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Smokejumpers Collection, 1949-1992

 Collection — Box: 1
Identifier: MS-2021-047

Content Description

This collection contains items relating to the Smokejumpers program. Examples of materials include a booklet, VHS tapes, negatives, Charlotte Mecklenburg Library exhibit captions, and a movie poster. Materials are dated 1949-1992 and in good condition.


  • 1949 - 1992

Conditions Governing Access

This collection is open to the public without restriction. The copyright law of the United States (Title 17, United States Code) governs the making of photocopies or other reproductions of copyrighted material.

Conditions Governing Use

Permission to duplicate or publish material from this collection must be obtained from the Robinson-Spangler Carolina Room, Charlotte Mecklenburg Library.

Biographical / Historical

The smokejumping program’s first round of experimentation started in 1939 in the Pacific Northwest Region. After its proven success, the program spread to other states across the country. As of 2019, there are seven active US Forest Service smokejumping bases: McCall and Grangeville, Idaho; Redding, California; West Yellowstone and Missoula, Montana; Winthrop, Washington; Redmond, Oregon.

Silas Raymond Thompson Jr., a native Charlottean, was one of the 13 men who died smokejumping the Mann Gulch fire in Montana. The fire began on August 5, 1949 at approximately 12:30pm. By about 3:10pm, the smokejumpers had gathered materials and expected the fire to be a routine job. LG Walker, a retired doctor from Charlotte, and his friend, Dan Morrill, produced a documentary titled Death at Mann Gulch in efforts to capture the effect of one man’s death on the Charlotte community. There is a marker in Mann Gulch, noting the place in which Thompson lost his life smokejumping in 1949.

Women also served as smokejumpers, although it took time for that to be accepted. Deanne Shulman, the first female smokejumper, had her first jump in 1981 in Idaho. Her journey to this point wasn’t easy. After passing a series of intense fitness tests in 1979, she did not meet the height and weight requirement and the program rejected her. Devastated, she decided to file an Equal Employment Opportunity complaint, which ultimately allowed her another chance to become a smokejumper in 1981. Shulman continued to work hard and blaze a path for other women in the fire fighting field.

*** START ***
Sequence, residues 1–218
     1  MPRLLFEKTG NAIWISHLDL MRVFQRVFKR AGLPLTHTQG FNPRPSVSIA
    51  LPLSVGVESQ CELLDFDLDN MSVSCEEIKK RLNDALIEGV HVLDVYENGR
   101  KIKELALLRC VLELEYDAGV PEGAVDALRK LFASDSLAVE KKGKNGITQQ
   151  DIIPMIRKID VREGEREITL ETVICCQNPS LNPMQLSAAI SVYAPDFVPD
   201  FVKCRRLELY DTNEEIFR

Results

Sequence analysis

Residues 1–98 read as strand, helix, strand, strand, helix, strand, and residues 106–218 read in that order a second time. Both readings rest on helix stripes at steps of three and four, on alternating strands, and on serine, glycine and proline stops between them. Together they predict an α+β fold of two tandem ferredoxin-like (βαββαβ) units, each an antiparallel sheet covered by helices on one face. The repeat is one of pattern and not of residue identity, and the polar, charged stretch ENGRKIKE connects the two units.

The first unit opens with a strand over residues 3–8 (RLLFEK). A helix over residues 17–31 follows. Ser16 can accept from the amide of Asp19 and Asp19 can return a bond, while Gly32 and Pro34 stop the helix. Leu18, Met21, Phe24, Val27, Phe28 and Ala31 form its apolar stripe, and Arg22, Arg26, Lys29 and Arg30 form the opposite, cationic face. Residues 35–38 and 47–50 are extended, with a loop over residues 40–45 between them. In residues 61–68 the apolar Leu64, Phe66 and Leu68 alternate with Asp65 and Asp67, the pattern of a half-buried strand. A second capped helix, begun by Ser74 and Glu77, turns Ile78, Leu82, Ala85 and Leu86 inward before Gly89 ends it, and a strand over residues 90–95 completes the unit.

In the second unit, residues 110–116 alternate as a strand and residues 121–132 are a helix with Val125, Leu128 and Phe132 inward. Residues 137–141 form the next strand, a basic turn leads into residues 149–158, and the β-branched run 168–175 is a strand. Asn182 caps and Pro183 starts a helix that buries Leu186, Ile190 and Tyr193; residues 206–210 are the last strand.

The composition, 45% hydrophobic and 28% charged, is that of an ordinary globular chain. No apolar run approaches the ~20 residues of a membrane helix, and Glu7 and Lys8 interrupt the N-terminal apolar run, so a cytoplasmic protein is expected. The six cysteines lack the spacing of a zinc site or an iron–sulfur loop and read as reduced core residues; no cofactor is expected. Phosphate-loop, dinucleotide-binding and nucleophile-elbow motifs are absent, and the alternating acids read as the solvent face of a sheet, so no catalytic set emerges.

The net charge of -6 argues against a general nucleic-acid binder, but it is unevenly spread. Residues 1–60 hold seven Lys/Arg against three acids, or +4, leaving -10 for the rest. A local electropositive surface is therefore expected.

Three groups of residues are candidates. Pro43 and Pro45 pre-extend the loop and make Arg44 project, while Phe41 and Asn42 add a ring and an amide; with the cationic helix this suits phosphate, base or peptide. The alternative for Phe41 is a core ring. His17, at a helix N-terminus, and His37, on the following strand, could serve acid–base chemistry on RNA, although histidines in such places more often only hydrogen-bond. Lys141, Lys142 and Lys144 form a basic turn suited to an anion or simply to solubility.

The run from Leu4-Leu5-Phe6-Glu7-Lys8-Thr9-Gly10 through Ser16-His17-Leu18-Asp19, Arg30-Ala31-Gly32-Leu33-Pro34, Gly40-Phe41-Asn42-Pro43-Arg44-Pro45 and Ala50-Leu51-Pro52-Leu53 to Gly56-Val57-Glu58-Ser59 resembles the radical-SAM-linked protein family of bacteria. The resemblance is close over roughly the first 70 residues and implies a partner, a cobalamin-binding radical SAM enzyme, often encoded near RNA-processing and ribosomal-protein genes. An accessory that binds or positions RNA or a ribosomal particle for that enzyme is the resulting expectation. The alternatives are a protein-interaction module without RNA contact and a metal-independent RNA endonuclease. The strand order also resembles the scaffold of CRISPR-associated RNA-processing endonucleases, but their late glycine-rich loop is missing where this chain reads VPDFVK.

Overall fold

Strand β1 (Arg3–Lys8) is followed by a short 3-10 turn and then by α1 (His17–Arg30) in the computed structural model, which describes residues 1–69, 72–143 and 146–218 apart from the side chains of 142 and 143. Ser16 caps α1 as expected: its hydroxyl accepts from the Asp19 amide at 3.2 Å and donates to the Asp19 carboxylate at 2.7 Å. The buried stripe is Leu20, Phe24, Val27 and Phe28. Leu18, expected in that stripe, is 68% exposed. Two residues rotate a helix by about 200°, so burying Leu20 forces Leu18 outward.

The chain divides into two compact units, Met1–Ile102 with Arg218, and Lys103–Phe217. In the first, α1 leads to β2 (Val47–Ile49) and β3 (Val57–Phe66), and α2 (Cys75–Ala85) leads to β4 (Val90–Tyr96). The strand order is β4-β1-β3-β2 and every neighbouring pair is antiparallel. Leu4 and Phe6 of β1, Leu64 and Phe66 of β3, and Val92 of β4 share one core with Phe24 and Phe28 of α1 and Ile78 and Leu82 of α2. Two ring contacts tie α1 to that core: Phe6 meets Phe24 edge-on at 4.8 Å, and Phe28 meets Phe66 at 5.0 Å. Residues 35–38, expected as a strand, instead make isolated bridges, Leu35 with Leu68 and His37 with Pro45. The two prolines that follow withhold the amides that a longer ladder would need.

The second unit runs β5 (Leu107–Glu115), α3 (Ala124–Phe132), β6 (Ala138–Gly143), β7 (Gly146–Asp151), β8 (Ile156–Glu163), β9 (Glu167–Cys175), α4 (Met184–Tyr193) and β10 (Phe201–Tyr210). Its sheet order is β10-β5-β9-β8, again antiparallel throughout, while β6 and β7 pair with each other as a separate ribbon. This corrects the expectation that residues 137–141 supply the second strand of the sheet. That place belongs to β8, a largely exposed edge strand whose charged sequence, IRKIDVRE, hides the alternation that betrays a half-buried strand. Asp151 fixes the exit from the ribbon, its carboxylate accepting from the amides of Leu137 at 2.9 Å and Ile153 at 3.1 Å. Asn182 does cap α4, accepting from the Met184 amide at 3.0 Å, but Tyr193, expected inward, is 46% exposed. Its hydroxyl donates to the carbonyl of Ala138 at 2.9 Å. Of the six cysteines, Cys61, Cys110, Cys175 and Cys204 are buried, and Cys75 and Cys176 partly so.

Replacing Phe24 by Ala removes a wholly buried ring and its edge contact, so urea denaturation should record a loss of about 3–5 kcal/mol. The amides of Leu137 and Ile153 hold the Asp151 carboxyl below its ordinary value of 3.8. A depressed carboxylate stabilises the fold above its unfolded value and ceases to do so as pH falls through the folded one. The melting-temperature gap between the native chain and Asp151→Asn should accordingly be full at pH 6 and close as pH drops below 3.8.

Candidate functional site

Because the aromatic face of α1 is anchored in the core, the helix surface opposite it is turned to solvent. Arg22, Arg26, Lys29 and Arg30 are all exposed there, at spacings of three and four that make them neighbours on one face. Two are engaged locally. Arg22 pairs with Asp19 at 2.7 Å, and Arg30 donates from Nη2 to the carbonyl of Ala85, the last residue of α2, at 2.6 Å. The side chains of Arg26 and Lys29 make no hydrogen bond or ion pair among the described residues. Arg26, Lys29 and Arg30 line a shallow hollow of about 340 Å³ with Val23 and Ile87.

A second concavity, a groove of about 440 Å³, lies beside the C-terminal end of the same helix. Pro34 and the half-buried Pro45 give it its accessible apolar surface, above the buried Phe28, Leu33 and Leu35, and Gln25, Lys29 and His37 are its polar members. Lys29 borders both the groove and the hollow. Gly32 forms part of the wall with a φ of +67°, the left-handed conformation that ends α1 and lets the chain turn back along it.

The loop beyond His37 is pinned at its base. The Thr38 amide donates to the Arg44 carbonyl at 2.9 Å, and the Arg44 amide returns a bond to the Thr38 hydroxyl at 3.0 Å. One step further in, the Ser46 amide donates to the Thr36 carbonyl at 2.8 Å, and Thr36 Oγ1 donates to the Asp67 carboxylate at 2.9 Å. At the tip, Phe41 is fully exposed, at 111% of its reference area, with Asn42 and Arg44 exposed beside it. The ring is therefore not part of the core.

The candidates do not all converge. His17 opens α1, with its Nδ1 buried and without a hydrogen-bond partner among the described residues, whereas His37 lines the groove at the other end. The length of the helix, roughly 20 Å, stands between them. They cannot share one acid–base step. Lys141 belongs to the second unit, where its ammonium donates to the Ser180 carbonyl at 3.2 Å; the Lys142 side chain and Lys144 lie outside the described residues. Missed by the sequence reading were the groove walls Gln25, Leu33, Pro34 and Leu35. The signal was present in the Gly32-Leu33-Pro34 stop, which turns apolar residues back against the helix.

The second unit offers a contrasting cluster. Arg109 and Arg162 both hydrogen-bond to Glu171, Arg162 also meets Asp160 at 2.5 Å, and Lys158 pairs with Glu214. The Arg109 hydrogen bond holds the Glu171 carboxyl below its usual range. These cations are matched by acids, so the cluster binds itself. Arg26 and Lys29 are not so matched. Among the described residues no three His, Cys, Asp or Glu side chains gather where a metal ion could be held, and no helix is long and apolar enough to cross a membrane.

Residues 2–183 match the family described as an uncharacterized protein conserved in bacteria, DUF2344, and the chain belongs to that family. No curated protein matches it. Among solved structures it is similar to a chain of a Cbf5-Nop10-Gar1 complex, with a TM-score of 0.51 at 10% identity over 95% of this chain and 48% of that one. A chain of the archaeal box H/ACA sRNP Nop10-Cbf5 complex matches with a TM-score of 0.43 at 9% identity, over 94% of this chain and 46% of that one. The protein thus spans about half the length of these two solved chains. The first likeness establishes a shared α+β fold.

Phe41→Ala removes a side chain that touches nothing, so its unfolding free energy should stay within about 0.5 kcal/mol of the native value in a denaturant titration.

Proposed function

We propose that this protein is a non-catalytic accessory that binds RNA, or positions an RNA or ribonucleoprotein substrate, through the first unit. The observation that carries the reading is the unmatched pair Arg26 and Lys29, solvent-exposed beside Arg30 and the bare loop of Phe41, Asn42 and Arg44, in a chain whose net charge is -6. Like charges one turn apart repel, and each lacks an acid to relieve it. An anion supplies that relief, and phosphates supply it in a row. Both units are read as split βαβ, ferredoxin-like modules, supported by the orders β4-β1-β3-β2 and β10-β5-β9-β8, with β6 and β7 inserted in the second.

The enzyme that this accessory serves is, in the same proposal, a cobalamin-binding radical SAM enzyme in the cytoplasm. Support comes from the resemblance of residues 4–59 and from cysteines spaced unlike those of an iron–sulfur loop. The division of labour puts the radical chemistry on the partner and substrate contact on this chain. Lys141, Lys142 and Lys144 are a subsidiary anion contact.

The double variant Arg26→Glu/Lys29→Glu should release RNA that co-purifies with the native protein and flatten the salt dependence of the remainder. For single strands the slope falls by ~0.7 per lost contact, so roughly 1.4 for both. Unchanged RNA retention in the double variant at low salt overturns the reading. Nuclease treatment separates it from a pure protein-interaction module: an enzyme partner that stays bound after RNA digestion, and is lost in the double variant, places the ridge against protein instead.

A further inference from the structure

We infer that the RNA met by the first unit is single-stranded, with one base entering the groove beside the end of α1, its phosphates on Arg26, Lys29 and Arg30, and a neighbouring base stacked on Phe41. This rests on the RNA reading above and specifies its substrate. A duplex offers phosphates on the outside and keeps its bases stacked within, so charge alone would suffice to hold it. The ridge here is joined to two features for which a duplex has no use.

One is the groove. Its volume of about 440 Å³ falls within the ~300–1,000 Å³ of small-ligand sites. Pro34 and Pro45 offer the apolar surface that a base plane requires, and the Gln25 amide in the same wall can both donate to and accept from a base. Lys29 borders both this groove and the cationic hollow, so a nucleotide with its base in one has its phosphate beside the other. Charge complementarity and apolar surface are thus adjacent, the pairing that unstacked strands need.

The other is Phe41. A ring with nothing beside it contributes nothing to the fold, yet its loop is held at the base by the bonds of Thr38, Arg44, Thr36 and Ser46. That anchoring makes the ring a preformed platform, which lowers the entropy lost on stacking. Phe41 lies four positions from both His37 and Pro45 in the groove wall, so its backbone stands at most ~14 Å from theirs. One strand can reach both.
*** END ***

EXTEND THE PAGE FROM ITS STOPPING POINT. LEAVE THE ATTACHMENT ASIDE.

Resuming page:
0.41 Linear Feet

0.44 Cubic Feet

Language of Materials



Founded in 1934 by TV Pearson (the US Forest Service Intermountain Regional Forester), the smokejumping program enables firefighters to quickly contain forest fires by parachuting out of airplanes and fighting fires on rugged terrain. The first official fire jump occurred in 1940 overtop the Nez Pierce National Forest in Idaho. Smokejumpers require intense training to ensure they are equipped for exiting procedures, parachute maneuvering/retrieval, emergencies, and tree climbing. The smokejumping program remains a vital national resource, especially in high-risk wildfire states like California and Alaska.

This collection contains materials related to the Smokejumpers program, such as movie posters, photographic negatives, booklets, exhibit documentation, and VHS tapes. Materials are dated 1949-1992 and in good condition.

Immediate Source of Acquisition

The immediate source and date of acquisition for this collection is unknown.


Aney, Kathy. Breaking barriers from 1,500 feet. East Oregonian. Accessed April 2019.

Smokejumpers. Forest Service. Accessed April 2019.

Lewis, Jamie. Further Reflections on Mann Gulch. Forest History Society. Accessed April 2019.

Walien, Dale. Drawn to Flame: Women Forged by Wildfire. National Forests Magazine. Summer/Fall 2017 Issue. Accessed April 2019.

Condition Description

Materials are in good condition

Processing Information

The processing, arrangement, and description of this collection was completed by Sydney Carroll.

Smokejumpers Collection, 1949-1992
In Progress
Sydney Carroll
Language of description
Script of description

Repository Details

Part of the Robinson-Spangler Carolina Room, Charlotte Mecklenburg Library Repository

Charlotte Mecklenburg Library-Main
310 N. Tryon Street
Charlotte NC 28202 USA